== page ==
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Countries That Drive on the Left Side of the Road: The Complete List

Ever wondered why some countries require driving on the left side of the road instead of the right? 

Only about 70 nations stick to the left these days—accounting for around 30% of the world population—but that wasn’t always the case. 

Historians say ancient Romans steering chariots, Japanese samurai following narrow footpaths, and medieval pilgrims trudging to cathedrals all traveled on the left. 

Then, as now, most people were right-handed, so it made sense to journey on the left side so that your dominant hand would be closer to oncoming traffic, the better to defend yourself with a weapon, if need be, from hostile parties coming from the other direction. 

Legend has it that the left-handed Napoleon Bonaparte, striking a blow for southpaws everywhere (so that he himself could strike blows everywhere), switched most of Europe to the right side of the road during the French Empire’s heyday in the early 19th century. 

That is indeed when traffic started shifting rightward, though nobody knows to what degree Napoleon’s personal quirks played a role. (As a leftie myself, I for one wish the Little Corporal had done something about spiral notebooks instead.)

The United States, for its part, has been a right-side-of-the-road kind of place since the colonial era, according to a U.S. Department of Transportation highway history.

The choice had nothing to do with Napoleon, though. Evidently, the right side proved more convenient for wagons pulled by two or more horses. Plus, many Americans harbored a “smoldering opposition to customs of the Old World,” the history notes. 

That of course suggests a thumb of the nose to the British, who have remained among the most notable holdouts with regard to left-side traffic, made mandatory across the British Empire in 1835. (Perhaps a similar law dictates adherence to the bonkers British pronunciation of “aluminum.”)

The onetime vastness of that empire largely explains the presence of left-side driving in former British colonies across the globe, including in Africa, Asia, the Caribbean, and Oceania. 

Some countries, however, developed a custom of driving on the left on their own. And some countries, whether former British colonies or not, started out on the left and later switched to the right—Canada, Brazil, Spain, Nigeria, and Sweden among them. In 2009, Samoa made a rare move in the opposite direction, transitioning from the right side to the left in order to align with regional neighbors Australia and New Zealand.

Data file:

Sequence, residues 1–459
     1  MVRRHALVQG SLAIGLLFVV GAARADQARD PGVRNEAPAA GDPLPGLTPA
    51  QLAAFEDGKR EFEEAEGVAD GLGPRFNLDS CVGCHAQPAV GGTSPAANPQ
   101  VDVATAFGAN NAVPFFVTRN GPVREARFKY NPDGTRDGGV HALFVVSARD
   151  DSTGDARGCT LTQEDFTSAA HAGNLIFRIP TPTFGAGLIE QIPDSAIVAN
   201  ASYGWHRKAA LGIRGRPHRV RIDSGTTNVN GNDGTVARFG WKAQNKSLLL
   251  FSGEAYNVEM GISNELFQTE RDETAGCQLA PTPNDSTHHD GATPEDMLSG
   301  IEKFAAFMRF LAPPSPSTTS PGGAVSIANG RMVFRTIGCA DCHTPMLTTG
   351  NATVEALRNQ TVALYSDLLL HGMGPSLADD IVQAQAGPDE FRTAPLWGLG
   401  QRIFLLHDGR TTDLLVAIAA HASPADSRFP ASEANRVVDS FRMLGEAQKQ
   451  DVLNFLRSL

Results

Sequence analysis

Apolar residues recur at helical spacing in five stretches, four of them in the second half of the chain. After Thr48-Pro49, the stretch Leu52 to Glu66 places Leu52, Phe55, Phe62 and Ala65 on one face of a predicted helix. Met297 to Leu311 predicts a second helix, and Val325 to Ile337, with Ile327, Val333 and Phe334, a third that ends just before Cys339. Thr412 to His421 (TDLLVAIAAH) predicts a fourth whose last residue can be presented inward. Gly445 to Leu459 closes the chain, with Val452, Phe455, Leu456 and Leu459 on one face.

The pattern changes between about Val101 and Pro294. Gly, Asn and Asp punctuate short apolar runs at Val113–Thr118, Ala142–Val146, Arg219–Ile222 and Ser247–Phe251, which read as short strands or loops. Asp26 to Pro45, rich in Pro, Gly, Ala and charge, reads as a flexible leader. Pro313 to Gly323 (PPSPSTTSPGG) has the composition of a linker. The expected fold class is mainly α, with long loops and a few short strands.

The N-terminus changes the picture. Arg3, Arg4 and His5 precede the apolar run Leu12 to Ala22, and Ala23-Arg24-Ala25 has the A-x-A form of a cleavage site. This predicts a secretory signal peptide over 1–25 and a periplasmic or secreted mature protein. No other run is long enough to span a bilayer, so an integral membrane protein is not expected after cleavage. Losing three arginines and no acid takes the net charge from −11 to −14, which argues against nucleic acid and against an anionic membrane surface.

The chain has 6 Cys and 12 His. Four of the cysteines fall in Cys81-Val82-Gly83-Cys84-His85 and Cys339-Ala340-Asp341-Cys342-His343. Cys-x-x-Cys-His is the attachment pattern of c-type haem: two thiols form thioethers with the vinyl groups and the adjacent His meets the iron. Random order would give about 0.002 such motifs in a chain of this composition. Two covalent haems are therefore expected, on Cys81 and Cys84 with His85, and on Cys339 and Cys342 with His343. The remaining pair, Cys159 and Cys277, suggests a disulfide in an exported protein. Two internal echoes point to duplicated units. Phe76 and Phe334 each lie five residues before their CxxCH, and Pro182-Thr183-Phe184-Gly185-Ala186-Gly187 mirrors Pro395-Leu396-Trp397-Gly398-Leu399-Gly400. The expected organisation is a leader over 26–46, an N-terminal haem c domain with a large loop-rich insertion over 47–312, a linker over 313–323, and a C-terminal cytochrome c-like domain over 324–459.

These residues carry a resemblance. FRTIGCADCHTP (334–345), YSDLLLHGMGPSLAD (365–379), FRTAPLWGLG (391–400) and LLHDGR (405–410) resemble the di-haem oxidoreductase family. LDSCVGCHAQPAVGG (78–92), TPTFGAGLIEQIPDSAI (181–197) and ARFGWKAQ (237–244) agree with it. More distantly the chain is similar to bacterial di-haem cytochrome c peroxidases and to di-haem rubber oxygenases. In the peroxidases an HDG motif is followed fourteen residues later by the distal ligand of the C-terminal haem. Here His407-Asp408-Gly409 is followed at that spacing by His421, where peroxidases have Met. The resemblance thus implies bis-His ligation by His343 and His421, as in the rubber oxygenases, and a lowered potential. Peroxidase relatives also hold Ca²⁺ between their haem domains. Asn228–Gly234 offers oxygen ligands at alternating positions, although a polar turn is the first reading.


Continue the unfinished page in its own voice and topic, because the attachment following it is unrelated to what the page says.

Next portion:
For travelers contemplating road trips in other countries, knowing which side to drive on seems a fairly important consideration. For that reason, we’ve compiled the below list of left-driving countries, organized by region. 

Drivers accustomed to the right might want to take a look at SmarterTravel’s tips for steering a car from the left

First among those suggestions is a recommendation to rent a car with automatic transmission so that you don’t have to worry about operating a stick shift with your nondominant hand on top of everything else (though, again, as a left-hander I am tempted to invite you to cry me a river—you should see what it’s like for us to use can openers).

Leftward passage shouldn’t necessarily rule out any destination if you’re used to being on the right. As long as they remain vigilant, most travelers find their brains flip their sense of orientation pretty quickly once they get behind a steering wheel. 



  • • Botswana
  • • Eswatini
  • • Kenya
  • • Lesotho
  • • Malawi
  • • Mauritius
  • • Mozambique
  • • Namibia
  • • St. Helena
  • • Seychelles
  • • South Africa
  • • Tanzania
  • • Uganda
  • • Zambia
  • • Zimbabwe


  • • Bangladesh
  • • Bhutan
  • • Brunei
  • • East Timor
  • • Hong Kong
  • • India
  • • Indonesia
  • • Japan
  • • Macau
  • • Malaysia
  • • Maldives
  • • Nepal
  • • Pakistan
  • • Singapore
  • • Sri Lanka
  • • Thailand


  • • Anguilla
  • • Antigua and Barbuda
  • • Bahamas
  • • Barbados
  • • Bermuda
  • • British Virgin Islands
  • • Cayman Islands
  • • Dominica
  • • Grenada
  • • Jamaica
  • • Montserrat
  • • St. Kitts and Nevis
  • • St. Lucia
  • • St. Vincent and the Grenadines
  • • Trinidad and Tobago
  • • Turks and Caicos
  • • U.S. Virgin Islands


  • • Channel Islands (such as Guernsey and Jersey—no cars are allowed in some parts of the archipelago)
  • • Cyprus
  • • Ireland
  • • Isle of Man
  • • Malta
  • • United Kingdom (England, Scotland, Wales, and Northern Ireland)


  • • Australia
  • • Christmas Island
  • • Cocos (Keeling) Islands
  • • Cook Islands
  • • Fiji
  • • Kiribati
  • • Nauru
  • • New Zealand
  • • Niue
  • • Norfolk Island
  • • Papua New Guinea
  • • Pitcairn Islands
  • • Samoa
  • • Solomon Islands
  • • Tokelau
  • • Tonga
  • • Tuvalu

South America

  • • Falkland Islands
  • • Guyana
  • • Suriname